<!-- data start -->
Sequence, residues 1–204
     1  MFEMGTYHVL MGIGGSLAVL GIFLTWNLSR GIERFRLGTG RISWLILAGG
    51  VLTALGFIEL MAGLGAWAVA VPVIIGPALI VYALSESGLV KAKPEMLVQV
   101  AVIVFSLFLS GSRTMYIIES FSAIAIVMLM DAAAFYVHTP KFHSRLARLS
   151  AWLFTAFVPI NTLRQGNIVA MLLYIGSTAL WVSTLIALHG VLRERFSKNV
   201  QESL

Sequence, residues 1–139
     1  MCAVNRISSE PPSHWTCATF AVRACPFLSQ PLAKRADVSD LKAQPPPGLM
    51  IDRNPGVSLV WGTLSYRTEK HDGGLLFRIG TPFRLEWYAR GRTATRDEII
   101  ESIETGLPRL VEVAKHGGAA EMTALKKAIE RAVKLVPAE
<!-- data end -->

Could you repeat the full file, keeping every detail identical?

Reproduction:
Sequence, residues 1–204
     1  MFEMGTYHVL MGIGGSLAVL GIFLTWNLSR GIERFRLGTG RISWLILAGG
    51  VLTALGFIEL MAGLGAWAVA VPVIIGPALI VYALSESGLV KAKPEMLVQV
   101  AVIVFSLFLS GSRTMYIIES FSAIAIVMLM DAAAFYVHTP KFHSRLARLS
   151  AWLFTAFVPI NTLRQGNIVA MLLYIGSTAL WVSTLIALHG VLRERFSKNV
   201  QESL

Sequence, residues 1–139
     1  MCAVNRISSE PPSHWTCATF AVRACPFLSQ PLAKRADVSD LKAQPPPGLM
    51  IDRNPGVSLV WGTLSYRTEK HDGGLLFRIG TPFRLEWYAR GRTATRDEII
   101  ESIETGLPRL VEVAKHGGAA EMTALKKAIE RAVKLVPAE